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Life Recorder 347

Posted by CmdrTaco
from the just-around-the-bend dept.
Bruce Schneier writes "In 2006, writing about future threats on privacy, I described a life recorder: A 'life recorder' you can wear on your lapel that constantly records is still a few generations off: 200 gigabytes/year for audio and 700 gigabytes/year for video. It'll be sold as a security device, so that no one can attack you without being recorded."
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Life Recorder

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  • Rogue-like (Score:5, Insightful)

    by hansamurai (907719) <hansamurai@gmail.com> on Monday April 19, 2010 @09:55AM (#31895306) Homepage Journal

    It'll be sold as a security device, so that no one can attack you without being recorded.

    Except when getting stabbed in the back.

    • Re:Rogue-like (Score:5, Interesting)

      by InsprdInsnty (1793100) on Monday April 19, 2010 @09:55AM (#31895322)
      or wearing a disguise of any sort
      • by Thanshin (1188877)

        Or with a sniper rifle.

        Or poisoned.

        Or run over with a stolen car.

        Or rolled in your bedsheets and defenestrated.

        Or by injecting your significant other with a deadly STD.

        Or releasing anthrax on your ventilation system.

        Or bombing your car.

        hmm What exactly does this protect you against? And, more importantly, does it protect you more than the extra danger of wearing expensive hardware wherever you go and being a potential witness of every crime that ever happens near you?

        • Re:Rogue-like (Score:5, Insightful)

          by Pharmboy (216950) on Monday April 19, 2010 @10:30AM (#31895856) Journal

          Is it just me, or do you live in a really, really bad neighborhood? Most people in my town just die of heart attacks, cancer, or car wrecks, with the occassional random act of violence. Not that this device is a good idea (unless you are the one selling them) but most people tend to die in ways that are less worthy of a James Bond movie plot.

          As for being a witness for "every crime that ever happens near you", how many felonious crimes do you personally witness in the average day? I'm not talking copyright infringement, but about muggings, rapes, murder, burglary, robbery, etc. If your answer is > .009, you need to move. Soon.

          • Re: (Score:3, Insightful)

            by Thanshin (1188877)

            most people tend to die in ways that are less worthy of a James Bond movie plot.

            Most people don't need permanent recording of their lives to avoid being attacked.

            So either you don't need the device, or you do and it's useless.

            As for being a witness for "every crime that ever happens near you", how many felonious crimes do you personally witness in the average day?

            How many muggings happen near enough that the criminal may think I had recorded his face?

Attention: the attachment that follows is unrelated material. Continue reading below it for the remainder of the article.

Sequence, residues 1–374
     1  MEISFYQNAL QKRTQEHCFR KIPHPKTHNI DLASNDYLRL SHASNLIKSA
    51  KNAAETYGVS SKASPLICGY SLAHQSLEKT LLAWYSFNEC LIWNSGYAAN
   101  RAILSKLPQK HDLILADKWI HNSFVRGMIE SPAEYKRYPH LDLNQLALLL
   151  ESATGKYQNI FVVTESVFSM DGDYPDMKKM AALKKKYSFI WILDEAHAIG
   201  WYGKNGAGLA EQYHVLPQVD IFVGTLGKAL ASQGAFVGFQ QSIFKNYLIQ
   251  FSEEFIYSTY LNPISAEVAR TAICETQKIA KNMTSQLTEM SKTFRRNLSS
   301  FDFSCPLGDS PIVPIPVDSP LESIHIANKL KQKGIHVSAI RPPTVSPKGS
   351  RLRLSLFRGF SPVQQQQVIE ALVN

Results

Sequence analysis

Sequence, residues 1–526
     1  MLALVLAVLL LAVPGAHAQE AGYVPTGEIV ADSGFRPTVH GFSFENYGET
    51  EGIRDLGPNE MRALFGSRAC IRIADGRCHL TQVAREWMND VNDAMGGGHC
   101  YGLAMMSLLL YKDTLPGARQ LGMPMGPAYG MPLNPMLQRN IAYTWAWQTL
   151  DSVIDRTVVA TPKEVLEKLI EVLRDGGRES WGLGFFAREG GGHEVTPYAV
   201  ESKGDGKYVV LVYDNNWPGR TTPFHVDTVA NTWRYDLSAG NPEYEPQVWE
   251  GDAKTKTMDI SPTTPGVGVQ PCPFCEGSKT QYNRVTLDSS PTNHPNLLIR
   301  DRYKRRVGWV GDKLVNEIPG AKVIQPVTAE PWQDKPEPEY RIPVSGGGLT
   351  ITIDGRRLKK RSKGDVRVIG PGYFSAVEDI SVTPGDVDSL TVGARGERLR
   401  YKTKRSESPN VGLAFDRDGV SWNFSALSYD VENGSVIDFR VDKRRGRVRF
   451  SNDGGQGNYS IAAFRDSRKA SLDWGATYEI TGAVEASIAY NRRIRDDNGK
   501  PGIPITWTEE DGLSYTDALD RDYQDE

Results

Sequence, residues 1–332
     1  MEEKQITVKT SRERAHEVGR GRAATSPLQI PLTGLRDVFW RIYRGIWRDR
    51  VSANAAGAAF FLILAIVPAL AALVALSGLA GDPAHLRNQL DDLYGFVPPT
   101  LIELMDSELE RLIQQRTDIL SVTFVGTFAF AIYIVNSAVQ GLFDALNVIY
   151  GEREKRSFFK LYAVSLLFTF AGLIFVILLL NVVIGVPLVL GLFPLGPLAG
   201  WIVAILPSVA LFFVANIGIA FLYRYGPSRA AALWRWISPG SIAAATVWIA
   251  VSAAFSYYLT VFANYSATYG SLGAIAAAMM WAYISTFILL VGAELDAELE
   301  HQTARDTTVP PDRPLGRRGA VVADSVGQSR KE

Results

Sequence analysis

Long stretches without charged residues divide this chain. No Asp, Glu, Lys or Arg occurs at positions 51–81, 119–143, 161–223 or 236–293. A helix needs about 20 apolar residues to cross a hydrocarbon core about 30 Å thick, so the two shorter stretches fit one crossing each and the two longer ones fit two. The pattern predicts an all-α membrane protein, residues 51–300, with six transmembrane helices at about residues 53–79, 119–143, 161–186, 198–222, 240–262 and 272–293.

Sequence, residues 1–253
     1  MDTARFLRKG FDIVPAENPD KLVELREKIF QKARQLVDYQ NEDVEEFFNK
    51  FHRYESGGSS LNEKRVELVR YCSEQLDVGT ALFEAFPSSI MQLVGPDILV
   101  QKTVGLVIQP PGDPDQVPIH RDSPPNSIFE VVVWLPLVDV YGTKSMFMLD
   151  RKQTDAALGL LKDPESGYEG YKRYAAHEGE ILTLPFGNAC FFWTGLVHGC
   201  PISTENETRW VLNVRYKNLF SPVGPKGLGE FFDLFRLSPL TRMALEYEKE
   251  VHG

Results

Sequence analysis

How many people may think I had recorded their face somewhere they shouldn't be?

            If I stay in the center plaza of my current city, Madrid, with an omnidirectional camera I assure you I'd record several dozens of pickpockets.

            If I crossed that same plaza, alone, with the recordin

          • Re: (Score:3, Insightful)

            by b4dc0d3r (1268512)

            Change your thinking from "how many do you see per day" to "how many happen near you that you might have unknowningly recorded".

            If you are in the area, and police are aware of your recording capabilities, they're going to ask you where you were. It might not be a court order, and you can probably refuse to answer, but if they are following every possible lead you're on the radar.

            How would police know about you? Simple, you're going to look odd and they are going to ask questions at least once. Especially

    • Re:Rogue-like (Score:5, Interesting)

      by WrongSizeGlass (838941) on Monday April 19, 2010 @09:57AM (#31895346)
      I'll just steal your "Life Recorder" after I beat you up. Thanks for understanding.
      • Re:Rogue-like (Score:5, Insightful)

        by tehniobium (1042240) <lukas AT imf DOT au DOT dk> on Monday April 19, 2010 @10:04AM (#31895450)
        Exactly what I thought, but TFA suggests/hints at the possibility of the data not being stored locally.

        So not only do you get to have your life recorded, but your life is stored in the cloud! Fantastic isn't it??
        • by jeffmeden (135043) on Monday April 19, 2010 @10:11AM (#31895562) Homepage Journal

          If this is the case then why is storage relevant? It's the bandwidth necessary to get the data out; doing it reliably is necessary too. An attacker could theoretically just jam the frequencies that the recorder/transmitter uses, and then attack you, steal or destroy the device, and no one would be the wiser. As a security measure, this needs to be better thought out.

          On top of that, what does Bruce Schneier need with protections from attack? I hear that behind his beard lives an inordinately large prime number of fists.